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It is not unusual at all for all in the family to be celiac. Hold off on gluten free breads and other replacements for a bit. Often after people have been gluten free for a while they find the replacements a bit more tasty. Go with whole naturally gluten free foods, stews can be thickened by cutting a potato or two really small and letting it cook down to thicken. Rice is gluten free and there is a lot you can do with that. Thai Kitchen makes rice noodles that are not real pricey and since they are not 'specialty gluten free' items your family may be less likely to turn their nose up at them. I use the angel hair a lot and there is a thicker linguine type also. Go through your cabinets and get rid of all gluten foods. Donate them to a food bank so you can take a tax write off. It might be easier to do this when your family isn't around as it can be depressing to watch all that 'money' run out the door. If you live near a Wegmans they make shopping easier as they label all gluten-free food with a circle G.

In the long run it can be hard to make the changes but the family will be so much healthier and happier in the long run.

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Thank you for your reply. It helps to know that I'm not alone. I told my son about his father's results, and I saw that he felt better because he wasn't alone in this. I always had many allergies (I forgot honey) and was forced to avoid food. The rest of my family had none. It is shock for them.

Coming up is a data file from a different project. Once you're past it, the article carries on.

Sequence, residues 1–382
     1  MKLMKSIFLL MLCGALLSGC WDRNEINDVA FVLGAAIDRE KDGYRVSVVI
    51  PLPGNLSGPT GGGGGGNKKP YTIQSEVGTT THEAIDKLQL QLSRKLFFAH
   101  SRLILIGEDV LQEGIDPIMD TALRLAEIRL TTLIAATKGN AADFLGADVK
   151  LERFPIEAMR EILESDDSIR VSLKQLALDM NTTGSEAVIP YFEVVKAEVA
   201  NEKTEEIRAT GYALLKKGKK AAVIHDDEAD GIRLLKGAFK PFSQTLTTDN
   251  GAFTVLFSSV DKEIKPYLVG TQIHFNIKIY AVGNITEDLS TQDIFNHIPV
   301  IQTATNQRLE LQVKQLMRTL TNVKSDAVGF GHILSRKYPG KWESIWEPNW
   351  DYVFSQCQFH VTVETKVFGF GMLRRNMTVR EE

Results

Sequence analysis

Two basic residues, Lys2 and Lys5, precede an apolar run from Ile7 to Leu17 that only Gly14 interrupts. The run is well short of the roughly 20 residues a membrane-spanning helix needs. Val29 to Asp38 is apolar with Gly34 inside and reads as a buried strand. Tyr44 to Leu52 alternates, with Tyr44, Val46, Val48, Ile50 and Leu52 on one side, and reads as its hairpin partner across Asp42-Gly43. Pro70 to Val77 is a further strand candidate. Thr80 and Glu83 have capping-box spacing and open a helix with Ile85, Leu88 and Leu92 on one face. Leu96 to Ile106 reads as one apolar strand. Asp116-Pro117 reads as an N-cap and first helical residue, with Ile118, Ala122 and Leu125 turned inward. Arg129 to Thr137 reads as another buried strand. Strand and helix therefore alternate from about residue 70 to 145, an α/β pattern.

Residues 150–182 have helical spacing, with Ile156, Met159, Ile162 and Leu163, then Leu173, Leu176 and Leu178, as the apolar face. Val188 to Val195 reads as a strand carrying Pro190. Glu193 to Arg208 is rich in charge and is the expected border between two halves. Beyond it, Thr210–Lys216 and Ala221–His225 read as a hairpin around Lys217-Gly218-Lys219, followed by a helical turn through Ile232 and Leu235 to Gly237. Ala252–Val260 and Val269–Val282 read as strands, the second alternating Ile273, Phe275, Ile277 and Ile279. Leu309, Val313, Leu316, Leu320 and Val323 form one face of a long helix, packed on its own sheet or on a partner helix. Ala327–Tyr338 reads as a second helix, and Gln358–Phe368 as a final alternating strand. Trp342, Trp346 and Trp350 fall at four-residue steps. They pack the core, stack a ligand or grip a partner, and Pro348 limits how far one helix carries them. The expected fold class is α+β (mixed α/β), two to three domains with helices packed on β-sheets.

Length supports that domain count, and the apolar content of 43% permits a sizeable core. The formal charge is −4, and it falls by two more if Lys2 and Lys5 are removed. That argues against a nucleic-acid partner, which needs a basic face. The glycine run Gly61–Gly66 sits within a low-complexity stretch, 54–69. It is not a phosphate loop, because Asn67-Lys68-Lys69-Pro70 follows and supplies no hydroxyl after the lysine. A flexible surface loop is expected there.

I also have indoors allergies from 16 years of age and astma with many triggers (smoke, parfumes, cold air, exercise and more). I need to have with me the EPI- injections and albuterol- the emergency spray for asthma everywhere I go. After the casein allergy I was forced to weare a medical bracelet with all my allergies listed.

I'm use to be sick and on the restrictions, but them? It will be hard, but I hope manageable.

Where there's a will, there's a way and you'll find some sort of new normal in your home.

I understand. I was sick so long and my restrictions have each made me feel that much better but it's still hard for DS sometimes because his restrictions don't make him feel all that bad. It's a subtle cumulative effect so he has a hard time feeling like he needs to be free of these things. Making naturally gluten-free or unnoticeably gluten-free things to share at church tea time and keeping busy with life itself help take the focus off the dietary issues.

I know that it has helped me that DS and I have gone through this whole journey with the food allergies together. With our eliminations and challenges(re-introductions) we've thought of it a bit like Iron Chef- It's been battle almond! or battle corn!

Try and find the fun/adventure in it when you can. I was not up to learning how to bake gluten-free cookies that only 1 of us would eat last year at Xmas so I got out grandma's old retro Jello cookbook and we picked out a fanciful creation, rainbow jello, and made it. DS loved the colorful dessert and said it was SO worth all the time it took to let each of the many layers set before adding the next. He loved that more than any cookies we could have made!